Best practice: Designate a staff member to lead and coordinate the in-house investigation and response effort, preferably an internal fair housing officer. If your community doesn’t have such an officer, select a manager or experienced employee who understands fair housing laws and procedures and your training, leasing, recordkeeping, and other operations. The coordinator’s responsibilities should include acting as the point-of-contact with your attorney, or the HUD investigator if you don’t have counsel, as well as collecting the necessary documents and information about anyone who witnessed or may have witnessed the events.
Regardless of whether you’re dealing with the normal 10-day or an extended response deadline, the starting point is to find out as much as you possibly can about what happened. Start with the allegations in the complaint. Questions to ask:
- Who’s making the accusation?
- Whom are they accusing?
- Exactly what wrongdoing do they allege happened?
- When, how, where, and how often did the alleged wrongdoing occur?
Pull all the records and try to construct a timeline or chronology. Start with any documents of interactions with the person who filed the complaint.
Example: If the complaint alleges steering or other misconduct while displaying apartments, collect records such as guest cards and files detailing which apartments were available and which ones were shown.
Example: If an applicant you rejected claims discrimination during the application process, gather a copy of the application, the information provided by the applicant, the results of applicant screening. and the reasons that the application was denied.
Example: If the complaint comes from a current tenant, pull documents related to the allegedly discriminatory events, which may include maintenance records, disability-related accommodation or modification requests, complaints by or about the tenant, or records detailing the reasons leading up to and including the eviction proceedings.
After you collect the relevant documents, identify any potential witnesses who may have had dealings with the person who filed the complaint. That may include current or former management and staff, as well as current or former residents.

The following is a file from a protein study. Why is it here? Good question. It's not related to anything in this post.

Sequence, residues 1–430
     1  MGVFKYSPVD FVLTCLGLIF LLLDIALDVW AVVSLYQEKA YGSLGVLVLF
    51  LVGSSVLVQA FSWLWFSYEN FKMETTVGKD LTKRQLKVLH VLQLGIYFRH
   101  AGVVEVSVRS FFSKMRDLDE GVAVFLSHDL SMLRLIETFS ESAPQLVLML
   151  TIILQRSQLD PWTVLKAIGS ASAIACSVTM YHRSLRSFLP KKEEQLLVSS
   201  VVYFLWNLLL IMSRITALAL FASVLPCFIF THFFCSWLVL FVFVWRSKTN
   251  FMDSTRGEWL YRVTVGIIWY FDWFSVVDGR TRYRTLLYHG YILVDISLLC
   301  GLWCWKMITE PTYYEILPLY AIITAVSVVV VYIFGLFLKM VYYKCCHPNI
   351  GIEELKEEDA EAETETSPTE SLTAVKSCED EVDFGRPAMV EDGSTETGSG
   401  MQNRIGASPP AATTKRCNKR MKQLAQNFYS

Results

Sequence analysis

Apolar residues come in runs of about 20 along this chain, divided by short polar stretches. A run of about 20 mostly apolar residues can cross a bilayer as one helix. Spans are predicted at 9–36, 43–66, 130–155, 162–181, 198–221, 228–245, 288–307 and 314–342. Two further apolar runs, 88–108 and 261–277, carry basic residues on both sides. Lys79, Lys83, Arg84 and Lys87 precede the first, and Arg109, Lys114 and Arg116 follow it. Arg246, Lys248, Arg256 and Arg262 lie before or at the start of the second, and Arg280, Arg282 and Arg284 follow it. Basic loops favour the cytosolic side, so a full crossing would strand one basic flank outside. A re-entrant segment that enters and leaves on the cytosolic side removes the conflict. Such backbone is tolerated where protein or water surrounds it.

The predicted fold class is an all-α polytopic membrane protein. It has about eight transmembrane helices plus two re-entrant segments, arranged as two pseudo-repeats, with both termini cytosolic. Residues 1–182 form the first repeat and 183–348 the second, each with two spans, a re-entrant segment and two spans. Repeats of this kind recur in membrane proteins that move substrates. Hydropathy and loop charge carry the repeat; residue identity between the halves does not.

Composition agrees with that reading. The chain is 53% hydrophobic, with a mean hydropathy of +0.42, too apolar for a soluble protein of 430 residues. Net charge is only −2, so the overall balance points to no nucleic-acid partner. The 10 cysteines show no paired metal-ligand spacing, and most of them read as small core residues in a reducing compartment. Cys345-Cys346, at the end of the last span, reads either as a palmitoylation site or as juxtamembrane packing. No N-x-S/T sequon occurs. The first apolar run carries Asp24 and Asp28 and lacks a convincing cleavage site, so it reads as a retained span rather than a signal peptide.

The initial investigation will enable you to respond effectively to the complaint and make an informed judgment about how strong the case against you is. Then, once you figure out what you’re dealing with, you can decide on your next move and legal strategy—that is, whether to defend or settle.
Pitfall 5. Ordering Staff Not to Cooperate with HUD
So far, we’ve been talking about initial response to notice of the complaint within the 10-day or extended deadline. Let’s now move to the next phase of the process: HUD’s investigation of the complaint. As we noted above, the investigation is supposed to last no more than 100 days but often drags on longer.
HUD typically begins the investigation by requesting documents and other information it needs to determine whether there’s reasonable cause to believe that your community violated fair housing law. That may include rent rolls and comparables to show that people were treated the same under similar circumstances.
Example: A Black tenant that you refused to renew because he was noisy files a race discrimination complaint claiming that you renewed the leases of white tenants who committed similar noise infractions. HUD may request not only a copy of your community noise policy but also rent rolls broken down by race, as well as years’ worth of internal records documenting noise complaints and how you responded to them. Investigators are also likely to seek to interview just about everyone involved.
At times, it may feel like HUD is overreaching its authority and deliberately trying to interfere with your business. While this has been known to happen, it’s extremely rare. The mission of HUD investigators is to get to the bottom of what happened, and they have broad powers to gather the evidence they need to accomplish that mission. Resisting HUD authority exposes you to risk of liability for obstruction. It may also result in less favorable outcomes. After all, while investigators are legally required to be fair to both sides, they’re also human beings. So, if investigators feel like you’re trying to make their life miserable, they’re apt to return the favor in kind, even if it’s subtle and unintentional and the investigators subjectively believe they’re being impartial.
Your best strategy is to cooperate with and avoid stonewalling HUD investigators. Of course, you can and should give HUD information that supports your position, such as pictures of ads and brochures displaying children at your community if you’re accused of discriminating against families with children. Nor do you have to forgo your legal rights, such as the right to have your attorney present during certain interviews or not disclose privileged documents. However, you must understand what your rights are and how to properly assert them.